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Unidentified Internet Users Pose Danger

| May 19, 2014 | 0 Comments
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Photo tweeted by @gonzoag98

Photo tweeted by @gonzoag98

With a simple click, the internet allows us to connect with old friends from high school or maybe even research information about March on Washington for class, but could the internet also be a dangerous place? Last week, students across the nation discussed how the internet can be a useful, but also a dangerous place in our #DoNowInternet post. We asked students, What is it that makes the internet potentially dangerous? It may have to do with how you interact with people—do you talk to people you meet online in the same way you would talk to someone you met offline? How are the risks teenagers face online different or similar to the risks they face in a place like the school hallway or the mall?

According to the Pew Research Internet Project, 95% of teenagers are online. Social media networks like Facebook, Instagram or Twitter, connect people together to share images and conversations. However, this easy connection also means complete strangers have the more access to personal information. In recent years, there have been many reported cases of exploitation where people use websites like Facebook to attract others into relationships that may lead to commercial sexual exploitation.

While many students talked about how strangers can find personal information and how easy it is to trust others online, the majority focused their attention on how it’s the way people use it, along with the anonymous identity of online users, that makes the internet a dangerous place.

Who’s on the other side of the screen?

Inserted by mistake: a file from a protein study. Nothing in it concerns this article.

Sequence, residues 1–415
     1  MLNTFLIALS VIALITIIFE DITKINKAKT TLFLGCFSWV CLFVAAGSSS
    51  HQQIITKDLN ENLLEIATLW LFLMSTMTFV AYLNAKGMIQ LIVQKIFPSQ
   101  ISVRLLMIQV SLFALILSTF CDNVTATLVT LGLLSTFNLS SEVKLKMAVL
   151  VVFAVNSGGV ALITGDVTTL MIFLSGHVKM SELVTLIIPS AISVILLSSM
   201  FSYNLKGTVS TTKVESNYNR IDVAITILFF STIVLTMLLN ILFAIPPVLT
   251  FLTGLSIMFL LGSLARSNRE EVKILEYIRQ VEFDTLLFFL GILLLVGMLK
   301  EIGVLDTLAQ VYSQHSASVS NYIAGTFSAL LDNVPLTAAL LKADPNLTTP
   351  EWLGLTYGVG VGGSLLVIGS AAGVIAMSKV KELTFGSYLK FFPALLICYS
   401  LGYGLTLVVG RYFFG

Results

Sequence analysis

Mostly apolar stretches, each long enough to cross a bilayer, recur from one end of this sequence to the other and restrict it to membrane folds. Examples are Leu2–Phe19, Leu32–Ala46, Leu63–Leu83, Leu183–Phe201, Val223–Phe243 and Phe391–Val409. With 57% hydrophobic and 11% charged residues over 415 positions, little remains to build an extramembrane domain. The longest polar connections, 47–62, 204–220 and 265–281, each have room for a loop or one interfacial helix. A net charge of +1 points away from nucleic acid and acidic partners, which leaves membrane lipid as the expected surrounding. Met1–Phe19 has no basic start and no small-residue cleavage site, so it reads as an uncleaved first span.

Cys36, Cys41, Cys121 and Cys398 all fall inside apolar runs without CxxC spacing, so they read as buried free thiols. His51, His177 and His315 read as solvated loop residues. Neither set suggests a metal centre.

Students expressed their concern about not knowing the true identity of people online.

Trust factor

Other students argued how trusting people too easily on the internet leads to exploitation.

It’s the people

Many students argued it’s how people use the internet that makes it dangerous.

Place for bullying

Other also discussed how bullying has moved to the internet.

Easy access

Students also discussed how easy for predators to get information on different platforms.

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What can we do?

Some students suggested ways to be safe online.

Also, some students from Coppell, Texas produced creative Wideo videos in response to this week’s post.

Here is one to check out:

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Category: Civics in the Community, Community Voices, Do Now Round-Ups, News & Civics

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About the Author ()

Laura Robledo studied English at UC Berkeley. When she is not reading, looking up new music, or running half marathons, she loves to explore the beautiful city of San Francisco.